“And fine they are, Sophy, fine they are. And no mistake. Take a caulk for a day or two, then we’ll tack around the harbor a bit. Break ‘em in before attempting another long cruise. “
“An excellent idea,” Sophy said with a sigh. “Oh, that I had thought of it first.”
“Bide tight. I’ll go check on the post and order us a dinner, and we’ll sit here snug beside the fire, just the two of us, while you put that foot up on the fender.”
He returned a short time later, and sat down beside her. Most of the post could be laid aside, but then he exclaimed, “This is Frederick’s fist!”
“Open it, my dear,” she said, without stopping to ask whom it was directed to.
He slit the seal and spread the sheet, sitting close so that they might both read it.
As always, the letter was short. Frederick apologized for the length of time that post had chased him about from Lyme to Plymouth to Shropshire, and then:
It was not only your most welcome letter that was unaccountably delayed due to my movements. I also heard from Harville, with nothing short of astonishing News: it seems that Benwick and Louisa Musgrove are to marry. A fine match say I. Her liveliness is just what Benwick needs to conquer his Melancholia, and I trust they will be very happy together.
Edward will probably write to you, so I will not reiterate news from Shropshire . . .
The admiral put the letter down, and shook his head. “And this is what comes about of shilly-shallying. Why did he not speak to the girl before flying off to Plymouth? Quick’s the word and fast the action, as we say in the navy, and Frederick knows that. What?”
To his surprise, Sophy had burst out laughing.
He was thinking about that circumstance the next day, it being fine. Sophy had insisted he take his walk, as it gave him so much pleasure when he encountered old friends. He left, obedient to her wishes, but he thought about these odd circumstances as he stood before a printshop window in Milsom Street. Sophy knew something, that much was clear. Or rather, she had her heart set on something. He also knew he could coax it out of her, but he thought it was better to wait. She would speak up in her own time, and in her own way.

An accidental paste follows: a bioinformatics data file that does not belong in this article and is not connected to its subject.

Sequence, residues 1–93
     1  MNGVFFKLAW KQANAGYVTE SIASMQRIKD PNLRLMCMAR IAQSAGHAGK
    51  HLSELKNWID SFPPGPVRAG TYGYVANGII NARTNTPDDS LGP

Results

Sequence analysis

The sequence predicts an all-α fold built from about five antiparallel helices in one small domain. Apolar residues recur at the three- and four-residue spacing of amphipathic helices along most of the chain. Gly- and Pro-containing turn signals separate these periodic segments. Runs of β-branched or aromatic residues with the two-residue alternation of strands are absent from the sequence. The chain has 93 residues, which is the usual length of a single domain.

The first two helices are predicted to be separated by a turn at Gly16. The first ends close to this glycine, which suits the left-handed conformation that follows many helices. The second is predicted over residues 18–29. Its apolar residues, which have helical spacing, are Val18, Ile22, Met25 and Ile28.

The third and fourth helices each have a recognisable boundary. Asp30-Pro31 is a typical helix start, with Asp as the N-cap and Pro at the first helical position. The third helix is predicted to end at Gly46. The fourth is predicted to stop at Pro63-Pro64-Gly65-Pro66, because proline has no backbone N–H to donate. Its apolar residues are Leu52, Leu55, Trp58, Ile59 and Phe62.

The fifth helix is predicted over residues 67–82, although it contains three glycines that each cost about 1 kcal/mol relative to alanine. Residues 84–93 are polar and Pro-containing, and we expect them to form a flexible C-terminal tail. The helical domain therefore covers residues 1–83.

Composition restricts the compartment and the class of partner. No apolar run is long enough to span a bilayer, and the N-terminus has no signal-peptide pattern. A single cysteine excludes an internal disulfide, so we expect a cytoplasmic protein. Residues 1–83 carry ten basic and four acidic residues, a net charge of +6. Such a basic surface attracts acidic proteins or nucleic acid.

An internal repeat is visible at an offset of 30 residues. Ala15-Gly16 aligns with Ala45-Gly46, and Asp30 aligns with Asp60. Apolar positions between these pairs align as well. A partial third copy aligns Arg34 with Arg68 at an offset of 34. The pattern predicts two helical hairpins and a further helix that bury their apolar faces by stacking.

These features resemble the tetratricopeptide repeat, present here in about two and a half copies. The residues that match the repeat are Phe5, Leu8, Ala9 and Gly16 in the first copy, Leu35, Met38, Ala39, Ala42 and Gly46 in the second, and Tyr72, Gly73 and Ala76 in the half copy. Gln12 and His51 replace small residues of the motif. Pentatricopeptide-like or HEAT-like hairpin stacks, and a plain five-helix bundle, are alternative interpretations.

The admiral was content to have it so. He knew he was inclined to blurt out whatever he was thinking. That served well on the quarterdeck of a first rate under fire, but was less so when it came to capering about in the minuet of social expectations.
So Frederick was not to marry either of those Musgrove girls after all! He discovered he was glad of it, if for no other reason than that left a chance for his own particular favorite, though he knew that must be absurd. Miss Anne was probably one of those who chose not to marry. It had to be that—he could not believe all the young men in the neighborhood of Kellynch were a parcel of slow-tops. Surely they could see that she had quality that trumped the rest, merry as they were, and she was pretty to look at, too—
He turned his head at a quiet step, and to his surprise, there she was! “Ha! Is it you?”
Happy to see her, he exerted himself to be pleasant—and she fell in beside him with all the ease of a Sophy, if rather more pianissimo. But he liked her for all that.
He walked with her all the way to Camden Place, declined an invitation to accompany her inside—he felt he’d done his duty by the others—and made his way back down again.
When he reached Gay Street, he retailed everything to Sophy, adding, “I told her the news about that Miss Musgrove and Benwick, but she did not exhibit the least surprise. She might have known it already, I expect. But I was circumspect. I said nothing about Frederick beyond, we ought to get him to Bath.”
“Excellent,” Sophy exclaimed fondly.
The admiral put his hands behind his back and walked about the room as he had been used on his quarterdeck. “I make no claims to perspicacity, but I would not make that mistake, and I know there is never any use in trying to put people together. Worse than driving cats, and I swore off it, as you know. But I wish your brother, who pegs the rigging of a disguised privateer hull down on the horizon, would look about him more closely—he could not pick a better, were he court every young lady in Bath, I am convinced.”
“Come here and kiss me,” Sophy declared. “I feel just the same.”
Frederick arrived the day after she sent a letter in answer to his. Not that she saw anything of him. He was gone all the day and evening, she knew not where. But she was content. She suspected a purpose, and had hopes as to what it was.
Sophy could walk again when Frederick related over breakfast the delightful news that Captain Harville was in Bath, having traveled with the Musgroves. They were staying at the White Hart. And he finished with a look of consciousness that prompted her to say, “Well, then, I must call.”
The admiral spoke up. “Sophy, I would go with you, but I promised to meet Baldwin and Harvey, and you know this evening we promised to look in at Camden—”
“No, no, you must go. Your friends would be vastly disappointed, were you not there.”
“I will accompany you,” Frederick said immediately, with such intensity that Sophy suspected the crisis had come.